Plants of
South Australia
Centella cordifolia
Umbelliferae
Heart-leaf Centella
Display all 17 images
Regional Species Conservation Assessments per IBRA subregion.
Least concern
Near threatened
Rare
Vulnerable
Endangered
Critically endangered
Extinct
Data deficient
Adelaide
Arkaroola
Ceduna
Coober Pedy
Hawker
Innamincka
Marla
Marree
Mount Gambier
Oodnadatta
Renmark
Wudinna
Keith
Yunta
Enlarge Map
Copy Map
Copy Map
Display IBRA region text

Botanical art

Kath Alcock paintings: 12.

Etymology

Centella is from the Latinised diminutive of the Greek 'kentron' meaning a sharp point or bristle but used what it is referring to. Cordifolia from the Latin 'cordis' meaning heart and 'folium' meaning a leaf, referring to its round to heart-shaped leaves.

Distribution and status

Found in the Mount Lofty Ranges, Kangaroo Island and the South-east in South Australia, growing in moist areas, in or near fresh-water swamps. Also found in New South Wales, Victoria and Tasmania. Native. Uncommon in South Australia. Common in the other states.
Herbarium regions: Flinders Ranges, Eyre Peninsula, Northern Lofty, Southern Lofty, Kangaroo Island, South Eastern, Green Adelaide
NRM regions: Adelaide and Mount Lofty Ranges, Eyre Peninsula, Kangaroo Island, Northern and Yorke, South Australian Arid Lands, South East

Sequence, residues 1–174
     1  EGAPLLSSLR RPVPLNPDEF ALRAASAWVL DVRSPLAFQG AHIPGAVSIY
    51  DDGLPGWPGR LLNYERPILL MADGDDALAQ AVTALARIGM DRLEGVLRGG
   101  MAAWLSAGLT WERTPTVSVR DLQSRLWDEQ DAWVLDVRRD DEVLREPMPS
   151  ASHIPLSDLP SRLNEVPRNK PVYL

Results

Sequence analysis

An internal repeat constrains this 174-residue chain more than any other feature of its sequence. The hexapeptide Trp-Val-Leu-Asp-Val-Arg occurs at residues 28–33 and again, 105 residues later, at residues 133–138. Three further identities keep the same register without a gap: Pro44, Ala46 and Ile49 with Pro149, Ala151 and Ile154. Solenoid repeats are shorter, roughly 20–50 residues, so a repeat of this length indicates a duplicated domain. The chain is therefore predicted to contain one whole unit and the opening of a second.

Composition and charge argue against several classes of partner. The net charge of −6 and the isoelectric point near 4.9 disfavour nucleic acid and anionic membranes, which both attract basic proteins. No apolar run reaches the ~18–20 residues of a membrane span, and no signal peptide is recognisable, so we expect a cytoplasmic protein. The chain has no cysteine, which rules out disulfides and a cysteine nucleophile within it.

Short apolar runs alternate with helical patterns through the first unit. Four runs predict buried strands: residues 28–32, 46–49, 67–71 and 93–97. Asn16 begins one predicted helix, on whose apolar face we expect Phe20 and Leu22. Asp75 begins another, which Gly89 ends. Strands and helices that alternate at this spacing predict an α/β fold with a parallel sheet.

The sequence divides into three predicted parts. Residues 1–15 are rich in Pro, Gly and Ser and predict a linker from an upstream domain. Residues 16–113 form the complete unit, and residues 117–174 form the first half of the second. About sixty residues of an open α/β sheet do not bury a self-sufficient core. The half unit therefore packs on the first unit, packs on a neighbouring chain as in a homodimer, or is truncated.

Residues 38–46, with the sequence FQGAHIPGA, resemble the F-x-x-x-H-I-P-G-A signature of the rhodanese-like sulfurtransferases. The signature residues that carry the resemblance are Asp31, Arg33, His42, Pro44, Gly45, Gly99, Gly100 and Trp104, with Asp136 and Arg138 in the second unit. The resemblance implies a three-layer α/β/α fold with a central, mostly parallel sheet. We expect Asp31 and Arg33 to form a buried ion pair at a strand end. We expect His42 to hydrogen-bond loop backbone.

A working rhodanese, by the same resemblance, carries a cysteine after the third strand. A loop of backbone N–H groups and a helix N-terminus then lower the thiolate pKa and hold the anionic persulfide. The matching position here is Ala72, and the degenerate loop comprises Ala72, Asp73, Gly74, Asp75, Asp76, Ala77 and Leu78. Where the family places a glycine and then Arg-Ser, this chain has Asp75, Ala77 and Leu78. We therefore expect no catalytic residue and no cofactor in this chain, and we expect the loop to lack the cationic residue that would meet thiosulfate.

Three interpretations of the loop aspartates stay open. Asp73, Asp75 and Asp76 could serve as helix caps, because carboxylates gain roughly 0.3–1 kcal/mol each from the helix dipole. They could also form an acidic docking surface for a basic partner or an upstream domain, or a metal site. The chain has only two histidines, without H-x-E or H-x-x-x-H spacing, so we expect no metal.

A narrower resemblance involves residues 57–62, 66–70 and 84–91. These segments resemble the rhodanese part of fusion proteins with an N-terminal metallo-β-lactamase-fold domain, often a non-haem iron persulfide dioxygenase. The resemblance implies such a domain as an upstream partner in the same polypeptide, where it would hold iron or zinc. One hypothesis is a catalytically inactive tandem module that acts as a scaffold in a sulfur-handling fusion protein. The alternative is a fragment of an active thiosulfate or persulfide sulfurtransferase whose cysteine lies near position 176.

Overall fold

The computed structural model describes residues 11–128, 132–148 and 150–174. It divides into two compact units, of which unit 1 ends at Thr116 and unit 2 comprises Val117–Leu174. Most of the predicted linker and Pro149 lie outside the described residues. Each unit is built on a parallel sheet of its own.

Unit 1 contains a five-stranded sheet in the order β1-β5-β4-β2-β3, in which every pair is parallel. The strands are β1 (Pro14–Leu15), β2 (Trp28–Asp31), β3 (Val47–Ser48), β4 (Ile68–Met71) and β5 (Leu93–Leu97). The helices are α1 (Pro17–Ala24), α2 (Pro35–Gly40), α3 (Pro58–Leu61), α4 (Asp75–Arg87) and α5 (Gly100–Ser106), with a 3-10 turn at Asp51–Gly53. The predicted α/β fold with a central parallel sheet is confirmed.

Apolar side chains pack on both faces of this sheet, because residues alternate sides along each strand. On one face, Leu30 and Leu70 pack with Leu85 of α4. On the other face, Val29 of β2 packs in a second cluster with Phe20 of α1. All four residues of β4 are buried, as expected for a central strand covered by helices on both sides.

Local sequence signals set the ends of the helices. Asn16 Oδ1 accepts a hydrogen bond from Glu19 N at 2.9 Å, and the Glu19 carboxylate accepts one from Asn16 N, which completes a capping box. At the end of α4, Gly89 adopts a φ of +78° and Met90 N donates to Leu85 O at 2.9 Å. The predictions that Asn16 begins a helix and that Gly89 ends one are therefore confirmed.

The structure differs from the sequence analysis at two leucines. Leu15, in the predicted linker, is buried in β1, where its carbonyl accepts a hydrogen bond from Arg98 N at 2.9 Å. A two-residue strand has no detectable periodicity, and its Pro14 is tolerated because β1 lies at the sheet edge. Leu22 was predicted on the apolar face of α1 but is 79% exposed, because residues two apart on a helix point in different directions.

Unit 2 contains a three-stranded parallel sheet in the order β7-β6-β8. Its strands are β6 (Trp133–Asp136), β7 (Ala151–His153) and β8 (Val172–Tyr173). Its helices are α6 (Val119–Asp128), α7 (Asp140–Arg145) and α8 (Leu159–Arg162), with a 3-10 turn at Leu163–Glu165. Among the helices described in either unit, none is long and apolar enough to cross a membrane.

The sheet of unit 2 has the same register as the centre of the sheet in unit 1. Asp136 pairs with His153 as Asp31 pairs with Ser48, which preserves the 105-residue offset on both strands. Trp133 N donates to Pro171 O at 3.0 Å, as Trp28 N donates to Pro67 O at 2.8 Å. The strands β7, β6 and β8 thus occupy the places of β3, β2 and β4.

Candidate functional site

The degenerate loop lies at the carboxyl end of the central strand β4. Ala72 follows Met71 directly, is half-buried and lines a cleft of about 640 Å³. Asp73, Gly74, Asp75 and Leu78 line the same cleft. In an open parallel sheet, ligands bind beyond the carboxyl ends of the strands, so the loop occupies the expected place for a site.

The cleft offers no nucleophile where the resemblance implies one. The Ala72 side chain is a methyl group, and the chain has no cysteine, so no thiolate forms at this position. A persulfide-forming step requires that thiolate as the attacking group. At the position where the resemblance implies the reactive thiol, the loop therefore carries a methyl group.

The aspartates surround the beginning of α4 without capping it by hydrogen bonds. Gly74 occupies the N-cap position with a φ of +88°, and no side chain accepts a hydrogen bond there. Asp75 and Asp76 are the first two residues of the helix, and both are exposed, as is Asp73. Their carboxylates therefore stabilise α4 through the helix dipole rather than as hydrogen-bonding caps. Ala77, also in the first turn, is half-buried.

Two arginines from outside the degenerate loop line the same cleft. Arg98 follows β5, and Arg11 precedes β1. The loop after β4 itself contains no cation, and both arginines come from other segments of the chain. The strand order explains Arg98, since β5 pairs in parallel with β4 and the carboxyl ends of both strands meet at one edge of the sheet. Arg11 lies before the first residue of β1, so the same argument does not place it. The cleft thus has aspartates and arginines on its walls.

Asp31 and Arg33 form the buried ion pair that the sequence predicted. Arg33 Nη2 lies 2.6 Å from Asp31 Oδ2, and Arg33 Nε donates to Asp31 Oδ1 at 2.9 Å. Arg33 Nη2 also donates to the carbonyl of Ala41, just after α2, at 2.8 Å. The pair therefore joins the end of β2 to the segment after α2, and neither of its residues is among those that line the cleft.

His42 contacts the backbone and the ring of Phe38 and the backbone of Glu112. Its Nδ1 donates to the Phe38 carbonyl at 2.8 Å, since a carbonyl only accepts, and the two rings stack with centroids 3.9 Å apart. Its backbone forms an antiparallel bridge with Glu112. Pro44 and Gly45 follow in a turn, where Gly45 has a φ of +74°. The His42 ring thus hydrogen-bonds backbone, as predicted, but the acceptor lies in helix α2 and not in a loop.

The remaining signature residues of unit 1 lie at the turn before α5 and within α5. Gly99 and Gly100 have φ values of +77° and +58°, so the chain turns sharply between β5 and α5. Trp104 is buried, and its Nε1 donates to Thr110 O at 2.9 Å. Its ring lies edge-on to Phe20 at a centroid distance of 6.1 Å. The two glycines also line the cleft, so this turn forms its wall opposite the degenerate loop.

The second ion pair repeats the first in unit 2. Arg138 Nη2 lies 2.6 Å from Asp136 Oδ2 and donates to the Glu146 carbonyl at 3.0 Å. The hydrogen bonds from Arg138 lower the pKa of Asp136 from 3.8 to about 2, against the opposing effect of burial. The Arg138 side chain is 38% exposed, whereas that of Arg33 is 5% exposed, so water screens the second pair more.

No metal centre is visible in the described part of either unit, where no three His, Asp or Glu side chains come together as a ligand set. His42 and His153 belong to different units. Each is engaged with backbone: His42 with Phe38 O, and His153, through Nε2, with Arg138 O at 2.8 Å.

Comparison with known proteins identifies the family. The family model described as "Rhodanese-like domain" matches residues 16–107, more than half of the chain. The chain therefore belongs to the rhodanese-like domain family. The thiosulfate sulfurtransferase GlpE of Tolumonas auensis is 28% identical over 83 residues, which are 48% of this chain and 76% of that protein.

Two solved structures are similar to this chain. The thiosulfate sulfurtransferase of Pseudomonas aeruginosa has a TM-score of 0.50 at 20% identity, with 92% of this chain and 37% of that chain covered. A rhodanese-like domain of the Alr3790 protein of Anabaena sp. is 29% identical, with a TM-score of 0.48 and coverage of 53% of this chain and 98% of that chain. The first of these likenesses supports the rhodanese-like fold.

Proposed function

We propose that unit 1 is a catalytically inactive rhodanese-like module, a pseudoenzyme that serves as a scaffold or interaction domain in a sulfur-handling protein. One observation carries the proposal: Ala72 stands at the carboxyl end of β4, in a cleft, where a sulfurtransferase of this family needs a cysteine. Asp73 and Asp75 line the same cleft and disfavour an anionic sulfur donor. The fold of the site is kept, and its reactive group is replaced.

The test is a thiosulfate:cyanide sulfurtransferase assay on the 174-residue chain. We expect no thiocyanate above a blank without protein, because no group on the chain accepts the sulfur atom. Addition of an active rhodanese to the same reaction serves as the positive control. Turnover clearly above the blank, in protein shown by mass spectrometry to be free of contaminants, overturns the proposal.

AVH map: SA distribution map (external link)

Plant description

Creeping perennial herb rooting at the nodes. Leaves cordate, entire, sinuate or faintly crenate, to 3 cm long, with 5-7 nerves, on along stalk 1-5 times as long as the blade. Inflorescence in umbels with 2-3 small purple flowers. Flowering between December and March. Fruits are pale brown umbels on a short stalk with numerous seeds with each fruit to 3 mm long and 5 mm broad, laterally compressed, dorsal edges rounded, glabrous or with some hairs near the apex. Mericarps with 5 distinct longitudinal ribs which are reticulately connected by weaker ones.

Seed collection and propagation

Collect seeds between February and May. Collect maturing fruits by picking off the clusters that are turning brown. Place the fruits in a tray and leave to dry for one to two weeks. Then rub the fruits with a rubber bung to dislodge the seeds. Use a sieve to separate the unwanted material. Store the seeds with a desiccant such as dried silica beads or dry rice, in an air tight container in a cool and dry place.